To get to the answer one needs only to study the alternative routes from Orlando Southward to Miami. The Second Alternative "B" would turn South at the Orlando International Airport and roughly follow the historic Florida East Coast Railways Kissimmee River Valley line along or near the Florida Turnpike Alignment all the way to West Palm Beach - Ft. Lauderdale to Miami. This is the shortest of the current planned routes from Tampa to Miami via Orlando, but it sacrifices virtually every village, town and city on the East Coast of the State, North of West Palm Beach, to accomplish it's goal, and still maintains what is for all practical purposes a 100 degree turn, a "Fatal Corner" in the middle of the railroad system.

Alternative "C" would be the slowest schedule from Orlando to Miami, but the cheapest build, following the CSX Railroad. Running from St. Petersburg - Tampa - Auburndale - Orlando International Airport, as well as a line from Alburndale southeast to Lake Wales - Sebring - West Palm Beach - Ft. Lauderdale, and Miami. It would eliminate the need for Tampa/St. Petersburg trains to pass through Disney World - Orange County Convention Center and Orlando international Airport, before heading to the lower East Coast and Miami. So ironically the slowest option for Orlando, would be the fastest option for the Tampa Bay communities, but the hard place seems to be missing all of the Beach Communities North of West Palm Beach.

Florida ICE train 2008 map
So Far the only map that makes ANY sense, is this largely ignored 2008, ICE Train Plan

4 rail lines into Orlando and they still miss the direct connection with Jacksonville, not to mention the line of the center of the State running virtually from Miami to LAKE CITY, guess it's comforting to know Tallahassee has a sense of humor.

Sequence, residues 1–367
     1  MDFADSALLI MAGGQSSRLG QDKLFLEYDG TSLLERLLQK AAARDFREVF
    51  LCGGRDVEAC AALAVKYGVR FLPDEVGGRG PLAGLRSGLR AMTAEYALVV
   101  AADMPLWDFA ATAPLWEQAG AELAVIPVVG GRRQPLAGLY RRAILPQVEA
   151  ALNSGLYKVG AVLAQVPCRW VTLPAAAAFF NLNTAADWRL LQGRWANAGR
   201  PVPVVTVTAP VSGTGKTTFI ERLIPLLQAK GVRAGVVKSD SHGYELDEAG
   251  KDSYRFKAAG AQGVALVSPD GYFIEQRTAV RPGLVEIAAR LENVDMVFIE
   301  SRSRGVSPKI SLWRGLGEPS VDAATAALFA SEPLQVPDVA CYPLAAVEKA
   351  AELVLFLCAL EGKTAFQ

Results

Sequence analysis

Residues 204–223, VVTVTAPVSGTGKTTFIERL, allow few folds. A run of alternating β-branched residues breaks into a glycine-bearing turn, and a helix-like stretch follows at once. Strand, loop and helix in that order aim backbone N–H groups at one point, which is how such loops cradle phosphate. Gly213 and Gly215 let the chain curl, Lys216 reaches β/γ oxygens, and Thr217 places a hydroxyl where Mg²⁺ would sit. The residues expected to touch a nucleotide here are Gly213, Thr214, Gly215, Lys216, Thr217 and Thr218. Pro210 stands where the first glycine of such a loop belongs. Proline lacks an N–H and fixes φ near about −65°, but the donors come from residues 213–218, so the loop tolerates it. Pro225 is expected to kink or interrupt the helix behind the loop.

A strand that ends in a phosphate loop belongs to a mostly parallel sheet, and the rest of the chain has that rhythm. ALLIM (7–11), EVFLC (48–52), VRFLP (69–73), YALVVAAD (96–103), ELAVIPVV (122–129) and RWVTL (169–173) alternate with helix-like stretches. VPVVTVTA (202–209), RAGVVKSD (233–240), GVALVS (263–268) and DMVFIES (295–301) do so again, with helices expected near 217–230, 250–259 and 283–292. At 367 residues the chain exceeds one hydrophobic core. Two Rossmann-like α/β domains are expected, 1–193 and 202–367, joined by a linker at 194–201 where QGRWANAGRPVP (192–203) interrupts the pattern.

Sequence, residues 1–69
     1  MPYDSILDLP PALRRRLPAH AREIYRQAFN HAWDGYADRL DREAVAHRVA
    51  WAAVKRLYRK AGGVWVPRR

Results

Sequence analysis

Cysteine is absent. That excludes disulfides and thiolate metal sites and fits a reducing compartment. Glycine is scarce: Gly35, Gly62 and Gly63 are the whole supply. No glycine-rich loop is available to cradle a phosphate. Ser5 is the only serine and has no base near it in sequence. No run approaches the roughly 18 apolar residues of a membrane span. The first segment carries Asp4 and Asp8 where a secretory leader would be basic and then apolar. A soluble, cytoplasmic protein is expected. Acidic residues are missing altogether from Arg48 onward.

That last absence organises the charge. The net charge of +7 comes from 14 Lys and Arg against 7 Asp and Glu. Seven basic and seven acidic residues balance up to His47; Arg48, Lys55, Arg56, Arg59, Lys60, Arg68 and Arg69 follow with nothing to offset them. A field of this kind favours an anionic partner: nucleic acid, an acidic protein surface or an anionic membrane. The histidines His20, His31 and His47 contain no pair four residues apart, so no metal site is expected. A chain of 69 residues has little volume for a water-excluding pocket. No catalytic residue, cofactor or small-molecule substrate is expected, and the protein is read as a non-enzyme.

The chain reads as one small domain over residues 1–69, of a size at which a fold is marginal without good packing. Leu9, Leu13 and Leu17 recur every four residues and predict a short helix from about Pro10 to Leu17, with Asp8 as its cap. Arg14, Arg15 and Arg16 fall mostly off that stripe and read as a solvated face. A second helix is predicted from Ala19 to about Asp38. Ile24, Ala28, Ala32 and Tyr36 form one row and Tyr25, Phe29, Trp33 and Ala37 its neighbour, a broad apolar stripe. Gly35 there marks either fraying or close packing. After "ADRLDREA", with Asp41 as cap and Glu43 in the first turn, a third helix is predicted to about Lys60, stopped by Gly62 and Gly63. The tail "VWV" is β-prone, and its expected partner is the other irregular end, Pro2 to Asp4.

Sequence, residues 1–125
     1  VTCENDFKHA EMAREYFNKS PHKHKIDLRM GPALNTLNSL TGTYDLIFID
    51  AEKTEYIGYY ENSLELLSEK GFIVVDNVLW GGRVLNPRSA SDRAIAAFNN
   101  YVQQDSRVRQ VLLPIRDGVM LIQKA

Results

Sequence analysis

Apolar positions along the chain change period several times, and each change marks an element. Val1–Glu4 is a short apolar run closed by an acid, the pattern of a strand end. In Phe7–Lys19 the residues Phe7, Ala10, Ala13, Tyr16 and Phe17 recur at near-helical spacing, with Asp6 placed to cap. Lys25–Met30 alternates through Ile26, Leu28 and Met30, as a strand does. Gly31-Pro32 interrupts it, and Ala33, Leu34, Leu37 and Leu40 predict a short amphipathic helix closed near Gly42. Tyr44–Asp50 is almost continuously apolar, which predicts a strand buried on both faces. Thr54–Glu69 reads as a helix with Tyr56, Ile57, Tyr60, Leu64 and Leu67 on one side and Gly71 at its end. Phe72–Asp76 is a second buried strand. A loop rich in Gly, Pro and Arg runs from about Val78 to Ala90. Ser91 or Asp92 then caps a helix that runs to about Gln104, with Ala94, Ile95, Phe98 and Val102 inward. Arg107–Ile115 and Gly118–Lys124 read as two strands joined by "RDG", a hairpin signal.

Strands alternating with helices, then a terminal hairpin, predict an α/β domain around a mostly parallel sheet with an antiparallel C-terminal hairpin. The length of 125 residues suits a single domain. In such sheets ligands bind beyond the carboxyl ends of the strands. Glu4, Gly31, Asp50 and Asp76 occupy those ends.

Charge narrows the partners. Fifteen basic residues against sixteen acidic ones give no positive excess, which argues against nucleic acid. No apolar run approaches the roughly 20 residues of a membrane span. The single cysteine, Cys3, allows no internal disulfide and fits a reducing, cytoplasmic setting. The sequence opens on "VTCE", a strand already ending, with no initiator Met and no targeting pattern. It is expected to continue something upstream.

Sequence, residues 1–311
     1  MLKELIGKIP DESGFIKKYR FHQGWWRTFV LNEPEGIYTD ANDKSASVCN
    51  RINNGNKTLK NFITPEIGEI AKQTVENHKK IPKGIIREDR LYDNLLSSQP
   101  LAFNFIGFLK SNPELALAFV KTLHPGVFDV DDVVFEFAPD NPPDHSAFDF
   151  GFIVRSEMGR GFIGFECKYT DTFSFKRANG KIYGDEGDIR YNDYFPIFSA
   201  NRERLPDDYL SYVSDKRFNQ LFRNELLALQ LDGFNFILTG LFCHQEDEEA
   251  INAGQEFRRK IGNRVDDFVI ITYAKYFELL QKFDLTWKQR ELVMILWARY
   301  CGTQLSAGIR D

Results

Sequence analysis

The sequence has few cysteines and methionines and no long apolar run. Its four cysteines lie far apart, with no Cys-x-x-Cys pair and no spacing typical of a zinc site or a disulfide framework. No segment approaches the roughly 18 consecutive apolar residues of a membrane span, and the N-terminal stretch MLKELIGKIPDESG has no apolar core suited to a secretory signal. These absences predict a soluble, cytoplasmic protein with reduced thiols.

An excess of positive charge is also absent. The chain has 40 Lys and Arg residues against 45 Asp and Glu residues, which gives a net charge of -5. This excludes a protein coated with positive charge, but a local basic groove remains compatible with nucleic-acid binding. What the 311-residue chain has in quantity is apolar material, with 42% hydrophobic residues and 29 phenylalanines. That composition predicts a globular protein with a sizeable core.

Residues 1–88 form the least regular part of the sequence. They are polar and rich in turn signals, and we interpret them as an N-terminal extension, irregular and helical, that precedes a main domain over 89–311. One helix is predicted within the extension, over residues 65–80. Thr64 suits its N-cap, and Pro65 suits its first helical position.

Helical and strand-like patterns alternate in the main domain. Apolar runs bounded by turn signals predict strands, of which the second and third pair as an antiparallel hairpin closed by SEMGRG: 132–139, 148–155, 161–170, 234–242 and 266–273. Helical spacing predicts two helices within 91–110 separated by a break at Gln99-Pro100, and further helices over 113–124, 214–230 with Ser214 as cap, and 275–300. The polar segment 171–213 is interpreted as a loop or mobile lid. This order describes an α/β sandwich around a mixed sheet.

It's a crazy curse to plan under but the bottom line for Florida is, by ignoring the historic travel patterns and trying to make Orlando into a railroad cross roads that it never was, has put us in a unique position. We can either build the fastest route and skip most of the cities, or, we can build through most of the cities and lose the fast train.

Due to the Fatal Corner, a high speed train that rips along at 120 mph, is still going to consume all of 4:00 hours between St. Petersburg and Miami, and 2:30 hours between Orlando and Miami alone. Since this is travel time the dwell time in the stations would have to be added in to any schedule. Leaving St. Petersburg by train, stations would be initially located in Tampa, Lakeland, Disney World, Orange County Convention Center, Orlando International Airport, Melbourne, Ft. Pierce, West Palm Beach, Ft. Lauderdale, and Miami. Dwell times of just 2 minutes per station average would add another 20 minutes to the through schedule. A schedule of 4 hours and 20 minutes between end points via the fastest train in America can be easily trumped by a 1968 Volkswagen Micro-Bus full or hippies at 4:00 hours even, on I-75. This is easy math, because the hippies in that micro-bus won't be traveling 120 miles Northeast to go Southeast of Tampa/St. Petersburg.

Bus Southeastern Stages
The Bus, Greyhound, La Cubana or Southeastern starts looking better and better as Florida's number one "Alternative."

Add in a fare of around $70 dollars for an end to end ticket, plus car rental, taxi or bus fare at the other end, and keeping with the Micro-Bus starts to look better and better. The time/dollar economics doesn't get any better with a simple Tampa/St. Petersubrg - Orlando trip either, because for $30 bucks, one is still going to have to get to Orlando from "Orlando!" By the time that taxi rolls to a stop in Winter Park, Maitland or Sanford, that lone Amtrak train will be half way to Jacksonville, making the entire system, either route option A, B, or C.

The last public transportation alternative seems a mockery of the states so-called "showcase HSR system." Bottom line? $25 dollars and a Greyhound ticket will get you there faster, and Greyhound has Wi-Fi!

Stay tuned as we move on to part 3 of this series, "WHY FLORIDA HIGH SPEED RAIL WILL FAIL."

Part III was subsequently canceled when indeed the entire project FAILED.